taken by the camera provides evidence of the offence. Generally, jurisdictions have
only one offence of disobeying a traffic light (whereas the Australian Road Rules
separate out a number of obligations that apply to drivers at traffic lights). The issue
of the specific offence that applies when it is detected by a traffic camera, under the
current wording of the relevant Rules, has been identified by jurisdictions as requiring
clarification. To achieve this, amendments are proposed to Rules 59, 60 and 61. In
essence, the changes to these rules will set up an offence of entering an intersection on
a red light (Rule 59) and an offence of entering an intersection on a red arrow (Rule


Page 4
60). Rule 61 amendments provide for a consequential clarification of the obligations
on a driver while he is stopped but has not entered the intersection, when the traffic
lights or arrows change from green to yellow or red. These changes will remove the
uncertainty regarding the application of the Rules to red light camera offences.

Turning at an Intersection with Traffic Lights:
Paragraph 62 (b).

This amendment corrects an anomaly by adding a requirement to give way to
pedestrians on the road the driver is leaving, if the driver is turning left at a left turn
on red after stopping sign.

Rule 62, examples 1, 2 and 3.

The existing illustrations for Rule 62, examples 1, 2 and 3 are modified by
enlargement, and better presentation of the arrows, to improve their legibility. There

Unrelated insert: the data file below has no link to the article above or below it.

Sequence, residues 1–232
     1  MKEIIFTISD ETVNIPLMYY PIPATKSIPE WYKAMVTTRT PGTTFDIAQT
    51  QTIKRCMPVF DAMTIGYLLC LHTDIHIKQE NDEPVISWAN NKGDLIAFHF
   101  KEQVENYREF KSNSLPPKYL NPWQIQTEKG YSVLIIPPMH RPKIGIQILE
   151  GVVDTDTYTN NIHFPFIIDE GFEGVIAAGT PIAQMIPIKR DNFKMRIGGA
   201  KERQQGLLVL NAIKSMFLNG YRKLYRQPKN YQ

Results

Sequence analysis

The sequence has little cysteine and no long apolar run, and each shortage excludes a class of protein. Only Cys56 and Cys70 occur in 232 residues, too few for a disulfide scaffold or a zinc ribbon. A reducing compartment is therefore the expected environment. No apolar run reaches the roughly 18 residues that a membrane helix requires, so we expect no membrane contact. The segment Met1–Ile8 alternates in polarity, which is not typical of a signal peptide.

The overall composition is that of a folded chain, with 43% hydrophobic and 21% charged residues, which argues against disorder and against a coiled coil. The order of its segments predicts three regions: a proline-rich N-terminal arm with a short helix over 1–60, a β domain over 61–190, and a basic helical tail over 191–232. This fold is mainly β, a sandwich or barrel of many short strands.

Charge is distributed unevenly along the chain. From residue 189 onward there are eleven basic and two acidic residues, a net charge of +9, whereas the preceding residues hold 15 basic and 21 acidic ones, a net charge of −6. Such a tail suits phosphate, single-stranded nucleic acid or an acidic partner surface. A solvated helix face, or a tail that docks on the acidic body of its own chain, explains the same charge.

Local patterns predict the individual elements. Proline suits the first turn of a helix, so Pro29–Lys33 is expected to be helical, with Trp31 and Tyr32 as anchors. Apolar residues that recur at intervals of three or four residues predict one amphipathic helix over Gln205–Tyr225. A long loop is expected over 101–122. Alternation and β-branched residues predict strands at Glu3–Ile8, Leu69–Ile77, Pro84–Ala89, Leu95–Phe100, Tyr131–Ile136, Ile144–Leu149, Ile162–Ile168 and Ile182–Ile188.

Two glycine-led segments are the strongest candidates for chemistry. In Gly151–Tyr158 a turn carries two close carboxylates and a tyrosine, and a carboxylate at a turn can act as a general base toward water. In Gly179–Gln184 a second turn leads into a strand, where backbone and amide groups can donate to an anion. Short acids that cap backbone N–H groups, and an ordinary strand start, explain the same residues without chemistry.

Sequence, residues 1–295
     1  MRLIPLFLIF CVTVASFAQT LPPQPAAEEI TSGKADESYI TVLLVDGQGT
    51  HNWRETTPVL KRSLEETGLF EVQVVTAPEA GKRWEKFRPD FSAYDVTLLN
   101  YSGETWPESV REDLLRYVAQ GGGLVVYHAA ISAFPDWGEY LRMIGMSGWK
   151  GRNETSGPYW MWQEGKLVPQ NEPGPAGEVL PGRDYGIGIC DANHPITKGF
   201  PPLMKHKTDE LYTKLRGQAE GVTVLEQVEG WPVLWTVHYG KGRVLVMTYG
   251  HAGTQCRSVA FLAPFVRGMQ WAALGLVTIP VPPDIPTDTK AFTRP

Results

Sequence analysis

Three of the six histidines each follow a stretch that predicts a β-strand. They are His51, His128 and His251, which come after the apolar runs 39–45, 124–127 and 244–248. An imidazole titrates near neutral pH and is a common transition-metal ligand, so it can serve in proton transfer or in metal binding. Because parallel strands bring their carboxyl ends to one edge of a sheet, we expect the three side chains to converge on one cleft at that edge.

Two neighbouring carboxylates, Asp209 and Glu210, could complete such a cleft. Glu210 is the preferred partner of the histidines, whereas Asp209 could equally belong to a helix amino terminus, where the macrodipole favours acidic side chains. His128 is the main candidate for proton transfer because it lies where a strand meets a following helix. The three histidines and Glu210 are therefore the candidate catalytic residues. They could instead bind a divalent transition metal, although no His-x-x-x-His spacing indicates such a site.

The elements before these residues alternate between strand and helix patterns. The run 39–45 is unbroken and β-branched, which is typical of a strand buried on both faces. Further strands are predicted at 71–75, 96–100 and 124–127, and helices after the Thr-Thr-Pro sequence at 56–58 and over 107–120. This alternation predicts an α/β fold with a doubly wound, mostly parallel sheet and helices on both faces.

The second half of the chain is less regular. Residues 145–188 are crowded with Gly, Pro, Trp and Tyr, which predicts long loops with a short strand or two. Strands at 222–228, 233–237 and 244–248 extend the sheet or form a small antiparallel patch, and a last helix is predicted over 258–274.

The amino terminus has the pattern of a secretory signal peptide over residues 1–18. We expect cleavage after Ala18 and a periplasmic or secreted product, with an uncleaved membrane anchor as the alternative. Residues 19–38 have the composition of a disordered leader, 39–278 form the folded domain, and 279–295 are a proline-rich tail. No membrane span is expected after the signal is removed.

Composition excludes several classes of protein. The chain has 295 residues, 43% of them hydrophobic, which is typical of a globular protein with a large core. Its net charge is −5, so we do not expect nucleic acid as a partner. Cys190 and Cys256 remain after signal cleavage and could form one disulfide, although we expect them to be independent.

is no change in the application of the rule.

Giving Way:
Subrule 63 (3); Subrule 63 (3), note 2; Part 7, Division 1, heading; Subrule 67 (1),
note 1; Subrule 67 (3); After subrule 67 (4); Rule 67, example 2; After rule 67,
example 2; Subrule 69 (1), note 1; Subrule 69 (2); After subrule 69 (3); Rule 69,
example 2; Rule 69, example 3; Part 7, Division 2, heading; Subrule 72 (1),
except notes 1 and 2; Subrule 72 (2); Paragraph 72 (3) (a); Subrule 72 (4),
example 5; Paragraphs 72 (5) (a) and (b); Subrule 73 (1), except notes 1, 2 and 3;
After subrule 73 (6); Rule 73, example 5, except the end note; Subrule 74 (1);
Paragraph 74 (1) (c); Subrule 75 (1).

These amendments cover the application of give way rules. Their purpose is to ensure
that the Australian Road Rules incorporate the appropriate wording to express the
agreed policy on giving way requirements. The intent of the amendments is to:

   Rectify an ambiguity by providing that the designated signs and lines apply to a
    driver;
   Clarify the application of the give way to the right rule where the other oncoming
    driver is facing a stop sign/line or give way sign/line;
   Clarify driver obligations at a modified T-intersection, in relation to the
    terminating or continuing road;
   Clarify give way rules in some specific or unusual circumstances.

The main changes are summarised below:

       Part 7, Division 1, heading.
       Inclusion of a note which states that a reference to a traffic sign or road
       marking in Part 7, Division 1 applies to the driver.

       Subrule 67 (1), note 1.


                                                                                   Page 5
         Inclusion of a note which states that the rule also applies at T-intersections.


         Subrule 67 (3).
         Clarification of the application of the rule in terms of vehicles to which the
         driver must give way.

         After subrule 67 (4).
         Clarification of the application of the rule at a T-intersection.

         Rule 67, example 2; After rule 67, example 2.
         Substitution of illustrations to show more clearly the application of the rule,
         comprising a re-adjusted example 2 and new examples 3 and 4.

         Subrule 69 (1), note 1.